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The Art of Gameplay

Screenshot from "Bientôt l’été", the latest in artful gaming.

Screenshot from “Bientôt l’été”, the latest in artful gaming.

The last few years have seen a steady rise in non-traditional games that push the boundaries of the medium itself. These titles are proving that games are not only an interactive form of literature and storytelling, but are also capable of being considered as forms of art. These games are not only aesthetically stunning are also inspired, thought provoking and incredibly moving.

Like all progressive forms of art, there are those that challenge the idea of video games being classified as art. Legendary film critic Roger Ebert in particular has been vehemently opposed to this notion. In a 2010 he wrote an article titled  ‘Video Games Can Never Be Art’ where he not only argued this claim, but did so whilst admitting that he hasn’t actually played any games that fans consider works of art.

Art is subjective. No one will ever 100% agree on what is and isn’t art, and that’s okay. If Ebert wishes to believe and profess that video games aren’t art, that’s his prerogative  However, to state that an entire medium of expression can never achieve the status of being ‘art’ is incredibly short-sighted. Furthermore, to make this claim without bothering to experience some truly beautiful games is simply an example of poor research.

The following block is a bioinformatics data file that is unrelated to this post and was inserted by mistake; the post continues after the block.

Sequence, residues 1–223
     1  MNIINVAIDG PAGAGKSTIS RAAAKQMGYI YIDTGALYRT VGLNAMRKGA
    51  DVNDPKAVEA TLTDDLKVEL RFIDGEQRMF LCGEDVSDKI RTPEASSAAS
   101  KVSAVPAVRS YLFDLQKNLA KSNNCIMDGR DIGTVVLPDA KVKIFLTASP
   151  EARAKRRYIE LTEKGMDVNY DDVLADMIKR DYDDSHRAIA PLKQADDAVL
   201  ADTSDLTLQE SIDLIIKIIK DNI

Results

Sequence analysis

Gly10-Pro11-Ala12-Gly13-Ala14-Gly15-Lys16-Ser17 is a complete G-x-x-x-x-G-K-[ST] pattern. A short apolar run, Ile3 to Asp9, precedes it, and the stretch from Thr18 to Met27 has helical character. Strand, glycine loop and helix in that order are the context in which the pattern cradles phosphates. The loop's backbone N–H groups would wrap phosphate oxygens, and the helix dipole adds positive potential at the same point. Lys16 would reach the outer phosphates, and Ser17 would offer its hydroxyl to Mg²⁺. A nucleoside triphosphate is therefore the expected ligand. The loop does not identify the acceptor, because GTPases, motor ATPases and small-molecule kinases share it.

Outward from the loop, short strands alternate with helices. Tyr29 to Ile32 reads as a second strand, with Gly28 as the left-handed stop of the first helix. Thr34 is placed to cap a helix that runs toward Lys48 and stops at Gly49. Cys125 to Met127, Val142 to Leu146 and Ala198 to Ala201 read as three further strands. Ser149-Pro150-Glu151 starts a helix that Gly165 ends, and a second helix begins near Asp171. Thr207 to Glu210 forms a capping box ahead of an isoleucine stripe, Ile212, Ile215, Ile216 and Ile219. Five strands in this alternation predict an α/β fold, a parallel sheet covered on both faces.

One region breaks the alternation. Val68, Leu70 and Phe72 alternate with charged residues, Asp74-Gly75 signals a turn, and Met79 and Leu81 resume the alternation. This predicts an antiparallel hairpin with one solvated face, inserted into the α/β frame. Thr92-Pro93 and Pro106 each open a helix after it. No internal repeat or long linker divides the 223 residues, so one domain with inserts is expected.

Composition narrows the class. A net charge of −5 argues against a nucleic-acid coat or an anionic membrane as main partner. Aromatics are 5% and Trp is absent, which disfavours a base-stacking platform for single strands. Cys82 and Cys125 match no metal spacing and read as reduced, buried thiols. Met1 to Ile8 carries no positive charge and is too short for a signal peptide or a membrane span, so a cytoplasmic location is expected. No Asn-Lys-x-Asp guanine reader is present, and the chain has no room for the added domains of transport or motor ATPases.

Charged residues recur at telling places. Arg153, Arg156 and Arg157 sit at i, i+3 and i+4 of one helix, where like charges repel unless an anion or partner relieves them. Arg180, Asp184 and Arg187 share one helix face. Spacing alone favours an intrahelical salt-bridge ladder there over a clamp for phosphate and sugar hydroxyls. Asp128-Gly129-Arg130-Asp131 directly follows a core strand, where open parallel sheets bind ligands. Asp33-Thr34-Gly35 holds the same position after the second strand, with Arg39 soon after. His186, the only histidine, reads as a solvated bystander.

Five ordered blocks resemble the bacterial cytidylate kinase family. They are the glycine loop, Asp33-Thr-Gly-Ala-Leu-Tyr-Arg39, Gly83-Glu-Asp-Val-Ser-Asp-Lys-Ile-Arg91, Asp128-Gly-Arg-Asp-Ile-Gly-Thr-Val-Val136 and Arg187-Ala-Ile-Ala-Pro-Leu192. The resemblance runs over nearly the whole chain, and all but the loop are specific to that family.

Some of you out there may not be particularly well acquainted with the world of gaming. Like movies and literature, the gaming medium is home to a vast variety of genres. Furthermore, the games within them range from simplistic and light-hearted, to violent and blood thirsty, to heartbreakingly beautiful. Today I will introduce you to two games that are both highly praised and almost universally considered as art in the gaming world. If nothing else, they certainly have changed the way in which people view game play in general. Continue reading

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